Life&Style Editor Julia Lee reviews the V&A’s exhibition Bags: Inside Out and marvels at bags of all shapes, sizes, utilities and price points: from Lemière’s intricate opera purse to a Prada bag which incorporates plexiglass-preserved insects

Life&Style Editor, Law Student, Lover of Les Mis

Inside the rotunda that houses the V&A’s permanent fashion exhibit is, until 16th January, Bags: Inside Out. Shiny gold tags that spell ‘BAGS’ invite visitors into the deceptively small exhibition space that promises to showcase bags ‘both as a private possession and public statement’. I was immediately intrigued– fashion with a focus on social history is something I have a great interest in.

Immediately upon entry, we are greeted by two dresses that showcase how the most elusive ‘bag’ in womenswear, pockets, were both shown off and hidden away. Chatelaine, decorative yet practical ornaments that hung at the waist down the skirt, and tie-on pockets that lie above the undergarments and below the hoops. The dress is opened on one side to reveal a sizable pocket, certainly larger than the ones found in most dresses’ today. These dresses are a fitting opener, representing the three sections of the exhibition perfectly. 

First is the blue-themed ‘Function and Utility’ section whose contents range from military bags noted for their many pockets and straps made to distribute heavy loads, to coin purses made of gold and ivory, to specialised bags that over time come to represent certain professions. Bags started as practical tools, and though they may come in infinite shapes, colours and sizes, they all have the simple purpose of ‘holding’. The most coveted brands today – Hermès, Gucci, Louis Vuitton – started as luggage makers; their heritage comes from a tradition of utility. Certain exhibits caught my eye. A large cuboid case from the Golden Age of transatlantic sea travel embossed with the signature LV pattern, a Lemière opera bag that contained in its small compartments opera glasses, stationery and a silk fan, and a bag for train travel whose bottom was a separate lockable box containing a matching set of essential toiletries. We also find here a precursor to handbags, reticules, which are often embroidered by their owners and made of fine fabric.

‘Status and Identity’ is where we find the most recognisable of today’s handbags, luggage’s more compact, fashionable, and feminine descendant. Luxury handbags are designed to be aspirational, a status symbol, a sign that you have made it. Particularly with bags more akin to jewellery, made to be beautiful rather than functional. The exhibition also asserts that bags are the most accessible of luxuries, if not because of their practicality, then its ability to elevate someone however plainly dressed into the label’s exclusive ‘club.’ Recognisability plays a part, the unique Dior Saddle bag allowed it to be revived to immense popularity. Celebrities also have had a significant role in the desirability of such bags, perhaps most notably the Hermes ‘Kelly’, named after Actress Grace Kelly. An unconventional ‘It’ Bag on display is the Lau Yue bag by Shang Xia, made of leather and bamboo, lined with a map printed on silk. A bag from the Slow and Steady Wins the Race collection comments on ‘unchanging good design’. Despite its plain cotton material, the rectangular handbag remains easily identifiable as a specific designer bag.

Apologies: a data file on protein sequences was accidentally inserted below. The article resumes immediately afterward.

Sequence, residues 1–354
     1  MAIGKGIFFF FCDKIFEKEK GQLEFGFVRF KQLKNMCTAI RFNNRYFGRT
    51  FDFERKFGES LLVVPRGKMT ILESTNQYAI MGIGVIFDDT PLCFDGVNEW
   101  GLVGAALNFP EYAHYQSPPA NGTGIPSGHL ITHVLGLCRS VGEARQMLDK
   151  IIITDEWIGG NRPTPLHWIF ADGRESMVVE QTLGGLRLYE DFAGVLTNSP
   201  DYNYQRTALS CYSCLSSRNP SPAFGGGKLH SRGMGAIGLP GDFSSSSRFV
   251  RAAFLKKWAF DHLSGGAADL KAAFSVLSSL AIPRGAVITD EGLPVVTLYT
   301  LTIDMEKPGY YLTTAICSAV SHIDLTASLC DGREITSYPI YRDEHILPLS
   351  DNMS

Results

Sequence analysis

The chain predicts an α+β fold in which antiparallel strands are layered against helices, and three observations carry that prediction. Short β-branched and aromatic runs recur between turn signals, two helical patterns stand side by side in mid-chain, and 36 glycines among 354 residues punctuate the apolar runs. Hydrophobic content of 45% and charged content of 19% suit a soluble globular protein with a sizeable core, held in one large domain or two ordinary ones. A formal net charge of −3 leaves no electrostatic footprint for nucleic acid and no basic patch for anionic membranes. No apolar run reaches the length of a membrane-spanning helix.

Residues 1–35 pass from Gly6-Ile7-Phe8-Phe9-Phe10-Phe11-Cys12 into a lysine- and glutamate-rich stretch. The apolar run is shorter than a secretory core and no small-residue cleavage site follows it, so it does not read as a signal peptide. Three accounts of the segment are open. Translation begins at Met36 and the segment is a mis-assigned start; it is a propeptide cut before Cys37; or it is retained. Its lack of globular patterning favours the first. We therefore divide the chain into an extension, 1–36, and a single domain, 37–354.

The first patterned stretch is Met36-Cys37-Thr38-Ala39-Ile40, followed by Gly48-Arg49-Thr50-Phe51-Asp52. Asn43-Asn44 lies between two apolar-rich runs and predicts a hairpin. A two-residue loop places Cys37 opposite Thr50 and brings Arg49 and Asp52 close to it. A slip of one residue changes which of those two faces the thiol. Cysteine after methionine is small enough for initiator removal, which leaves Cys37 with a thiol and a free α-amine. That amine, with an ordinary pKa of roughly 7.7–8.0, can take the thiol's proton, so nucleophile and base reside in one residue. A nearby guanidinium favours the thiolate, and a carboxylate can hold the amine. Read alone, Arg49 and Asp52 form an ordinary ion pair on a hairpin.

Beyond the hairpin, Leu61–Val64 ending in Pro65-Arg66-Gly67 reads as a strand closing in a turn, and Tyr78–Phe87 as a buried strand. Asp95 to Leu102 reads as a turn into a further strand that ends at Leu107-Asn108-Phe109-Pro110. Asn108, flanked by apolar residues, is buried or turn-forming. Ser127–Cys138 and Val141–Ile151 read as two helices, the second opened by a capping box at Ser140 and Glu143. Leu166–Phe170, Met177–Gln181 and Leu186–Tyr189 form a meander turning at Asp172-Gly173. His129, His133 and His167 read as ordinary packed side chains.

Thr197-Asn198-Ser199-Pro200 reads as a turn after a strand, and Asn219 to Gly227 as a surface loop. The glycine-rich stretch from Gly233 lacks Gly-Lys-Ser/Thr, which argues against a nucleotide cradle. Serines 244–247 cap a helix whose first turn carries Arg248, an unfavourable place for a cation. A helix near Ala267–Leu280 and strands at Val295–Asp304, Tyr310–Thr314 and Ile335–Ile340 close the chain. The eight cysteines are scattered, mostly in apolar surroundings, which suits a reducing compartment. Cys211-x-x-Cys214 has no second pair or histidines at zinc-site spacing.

With their ubiquity, bags also have the power to carry and spread explicit statements as well as subtle

This section also showcases bags of cultural significance. A beaded ceremonial bag of the South Nguni people and embossed saddlebag of the Hausa people, for example, denote the rank and status of the wearer due to its intricate design and high-quality materials. With their ubiquity, bags also have the power to carry and spread explicit statements as well as subtle. Shopping carriers, souvenir totes, embroidered letter cases– but perhaps the most striking is an Anti-Slavery workbag from 1828 whose printed image and poem allowed those carrying it to speak up against slavery without saying much at all. 

Upstairs we find structures reminiscent of Champs-Élysées (or some other fashionable street) with coloured windows for the final ‘Design and Making’ portion of the exhibit. Bags are depicted here as wearable art, evoking images of nature (I am a particular fan of the Horse Chestnut bag and purse by Emily Jo Gibbs), fairy tales and folklore, even everyday objects like lunch boxes. A bag to look out for here is the ‘Entomology’ bag from Prada by Damien Hirst that contains real and embroidered insects encased in plexiglass. There also lies a wide makers table with patterns and fabrics hanging from beams, the tabletop outlining the entire process of bag production from concept to final product. The many elements involved are a sight to behold, and we are able to learn more about the process directly from the experts through videos. Elvis & Kresse describes their process of making sustainable bags from decommissioned fire hoses and so doing ‘[honouring] the material with a second life’.

A bag to look out for here is the ‘Entomology’ bag from Prada by Damien Hirst that contains real and embroidered insects encased in plexiglass

Bags: Inside Out offers incredible insight into all the contexts you haven’t yet thought about one of the most useful accessories in your life. The tiered monochrome display cases are not at all daunting– the bags’ graphic likenesses direct you to their matching descriptions. There are bags that are painted, beaded, embossed, smithed, woven– you will come out of it seeing bags a way you have never before. 


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